A Very Modern Greek Tragedy

Great concern has been raised in the UK by media focus on the growing government debt, making it a hot topic among the major political parties. Labour has been subjected to criticism for widening rather than lessening the gap when dealing with the economic crisis. But conversely economists have denounced the Conservatives’ proposals as draconian to the point of threatening to destabilise a fragile economic recovery. However Britain’s budget deficit is of less concern to the EU currently than that of Greece.

It is important to recognise that a budget deficit is not intrinsically evil and that many EU nations operate sustainably in constant deficit. This is especially true in times of economic resurgence as fiscal measures are employed to trigger a recovery. But Greece’s debt now stands at 13% of GDP, well above the acceptable 3% threshold laid down by the EU.

Recently the Greek government has unveiled a plan of spending cuts to shrink their budget deficit from 13% down to 3% in just 3 years. Alone this seems implausible but distrust still looms large in the EU since Greece doctored her figures to qualify for entry to the euro back in 2001. This combined with dubious figures that predict economic growth of 1.5% in an economy that shrank by 1.2% last year has seriously shaken EU member states’ confidence in Greece’s ability to redress her own deficit.

In addition to this, other pressures are exacerbating Greece’s economic situation. Over recent years falling competitiveness in international markets is leading Greek farmers to demand increasingly enormous crop subsidies of the government. And concern at the unsustainable acceleration of Greece’s growing deficit is making itself known as the demand for bonds moves elsewhere and Greece’s creditors take out record levels of insurance on their assets.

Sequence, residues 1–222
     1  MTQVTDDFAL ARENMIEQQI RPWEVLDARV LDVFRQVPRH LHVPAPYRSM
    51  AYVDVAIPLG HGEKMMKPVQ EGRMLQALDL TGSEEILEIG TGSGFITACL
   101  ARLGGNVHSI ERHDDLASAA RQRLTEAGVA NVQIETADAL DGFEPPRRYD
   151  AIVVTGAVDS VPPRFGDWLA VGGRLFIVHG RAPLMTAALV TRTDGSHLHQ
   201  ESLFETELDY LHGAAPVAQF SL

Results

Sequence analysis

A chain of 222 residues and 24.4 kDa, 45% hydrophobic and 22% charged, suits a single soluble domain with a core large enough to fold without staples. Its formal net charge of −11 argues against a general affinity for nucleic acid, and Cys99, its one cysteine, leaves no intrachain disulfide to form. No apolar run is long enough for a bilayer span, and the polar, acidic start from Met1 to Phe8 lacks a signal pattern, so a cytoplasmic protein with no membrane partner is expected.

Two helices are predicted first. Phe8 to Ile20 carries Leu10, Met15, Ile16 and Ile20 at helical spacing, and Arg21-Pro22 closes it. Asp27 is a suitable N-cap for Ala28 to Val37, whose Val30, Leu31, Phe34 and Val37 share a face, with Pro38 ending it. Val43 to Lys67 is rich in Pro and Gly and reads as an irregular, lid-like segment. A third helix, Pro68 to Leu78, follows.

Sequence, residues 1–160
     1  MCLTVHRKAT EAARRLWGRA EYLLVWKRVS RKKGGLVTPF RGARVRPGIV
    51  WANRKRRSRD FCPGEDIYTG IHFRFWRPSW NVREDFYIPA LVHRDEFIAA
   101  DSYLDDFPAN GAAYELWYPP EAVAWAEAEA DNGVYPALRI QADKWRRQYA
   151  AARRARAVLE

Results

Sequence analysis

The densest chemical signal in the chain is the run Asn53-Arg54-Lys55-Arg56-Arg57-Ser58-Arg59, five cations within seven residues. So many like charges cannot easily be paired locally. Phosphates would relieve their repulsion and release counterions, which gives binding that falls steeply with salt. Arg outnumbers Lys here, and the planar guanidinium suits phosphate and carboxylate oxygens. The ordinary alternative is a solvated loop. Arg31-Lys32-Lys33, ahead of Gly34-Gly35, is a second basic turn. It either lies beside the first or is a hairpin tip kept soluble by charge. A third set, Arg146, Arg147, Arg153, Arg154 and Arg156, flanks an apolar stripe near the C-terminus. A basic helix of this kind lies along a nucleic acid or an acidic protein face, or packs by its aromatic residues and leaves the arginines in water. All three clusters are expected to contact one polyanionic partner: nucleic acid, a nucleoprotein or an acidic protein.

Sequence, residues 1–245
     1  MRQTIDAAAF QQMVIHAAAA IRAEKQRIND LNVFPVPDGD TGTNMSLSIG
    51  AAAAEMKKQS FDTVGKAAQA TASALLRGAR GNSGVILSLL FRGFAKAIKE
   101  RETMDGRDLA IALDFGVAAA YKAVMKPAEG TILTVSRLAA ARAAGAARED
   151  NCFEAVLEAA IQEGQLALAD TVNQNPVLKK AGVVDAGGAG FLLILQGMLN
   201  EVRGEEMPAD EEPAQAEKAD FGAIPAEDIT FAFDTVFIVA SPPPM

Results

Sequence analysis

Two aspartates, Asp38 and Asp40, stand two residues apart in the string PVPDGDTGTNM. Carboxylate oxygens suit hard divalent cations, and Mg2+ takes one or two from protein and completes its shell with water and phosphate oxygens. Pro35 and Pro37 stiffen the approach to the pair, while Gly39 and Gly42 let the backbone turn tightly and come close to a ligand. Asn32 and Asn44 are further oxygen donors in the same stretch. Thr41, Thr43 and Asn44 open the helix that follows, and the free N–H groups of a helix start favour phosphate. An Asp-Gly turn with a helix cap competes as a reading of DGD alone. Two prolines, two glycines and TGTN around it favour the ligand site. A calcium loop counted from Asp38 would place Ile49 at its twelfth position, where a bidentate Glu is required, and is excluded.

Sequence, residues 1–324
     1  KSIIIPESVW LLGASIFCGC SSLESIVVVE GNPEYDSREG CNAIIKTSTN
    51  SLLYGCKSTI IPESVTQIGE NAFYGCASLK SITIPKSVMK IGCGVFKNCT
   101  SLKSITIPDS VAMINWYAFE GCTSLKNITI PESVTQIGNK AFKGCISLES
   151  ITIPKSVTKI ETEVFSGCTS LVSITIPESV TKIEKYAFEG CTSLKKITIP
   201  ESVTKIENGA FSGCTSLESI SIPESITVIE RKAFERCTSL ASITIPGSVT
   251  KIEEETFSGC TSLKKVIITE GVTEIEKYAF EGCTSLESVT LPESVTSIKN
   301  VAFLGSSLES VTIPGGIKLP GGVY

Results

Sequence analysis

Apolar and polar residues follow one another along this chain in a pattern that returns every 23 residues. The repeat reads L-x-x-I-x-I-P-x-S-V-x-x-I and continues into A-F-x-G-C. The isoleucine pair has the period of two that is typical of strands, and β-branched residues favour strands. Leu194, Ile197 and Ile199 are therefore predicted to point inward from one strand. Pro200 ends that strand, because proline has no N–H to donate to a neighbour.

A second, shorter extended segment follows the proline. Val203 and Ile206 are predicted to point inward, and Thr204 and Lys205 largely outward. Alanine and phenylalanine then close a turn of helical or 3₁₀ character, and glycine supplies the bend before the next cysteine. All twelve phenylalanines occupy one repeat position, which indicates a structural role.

The greatest cause for concern is that Greece, should she default on her €55 billion debts, not only poses a threat to herself but also to other countries of the European Union. Informal talks have already begun about bailing Greece out but this is controversial since the Maastricht treaty actually forbids the EU from taking responsibility for ailing member countries’ economies. However fears over any knock-on effects, if Greece should default, seem to outweigh adherence to the treaty in many member states and methods of bypassing the treaty are possible. After all each state tied to the euro has a vested interest in protecting Greece’s economy. In addition to this, should the EU not uphold Greece’s economy, the International Monetary Fund may be obliged to intervene. This scenario would not only be embarrassing for the EU and call its authority into question but also any IMF recommendation would involve a change in interest rates which would conflict with EU, centrally controlled interest rates.

The history of Greece’s deficit and its root causes can be traced back to the founding of the EU. It was considered by creditors that the bill of any country that defaulted on its debts would be picked up by the other member countries in order to protect the whole. This is an unhealthy view to fertilise because it leads to over-confidence in a country. Lending to this country will increase above and beyond what they are truly able to afford and instability in creditors as their organisations become asset-heavy. Therefore it is in the EU’s economic interests to appear unlikely to bail Greece out in order to stop them from being extended more credit.

Despite all this, Greece’s predicament is not yet catastrophic. Economists have seen possibility for a self-motivated way out should she enforce tight fiscal cuts. But Greece’s government is notoriously malleable and lacking of the strictness required in enacting and enforcing such cuts. In addition the sudden jump in self-confessed Greek deficit figures from 6.7% of GDP to 12.7% in just one term suggests that Greece is still covering up her numbers meaning that the debt could be even greater than currently thought. Either way any help from the EU will dictate, among other things, that Greece is honest about her numbers in the future.


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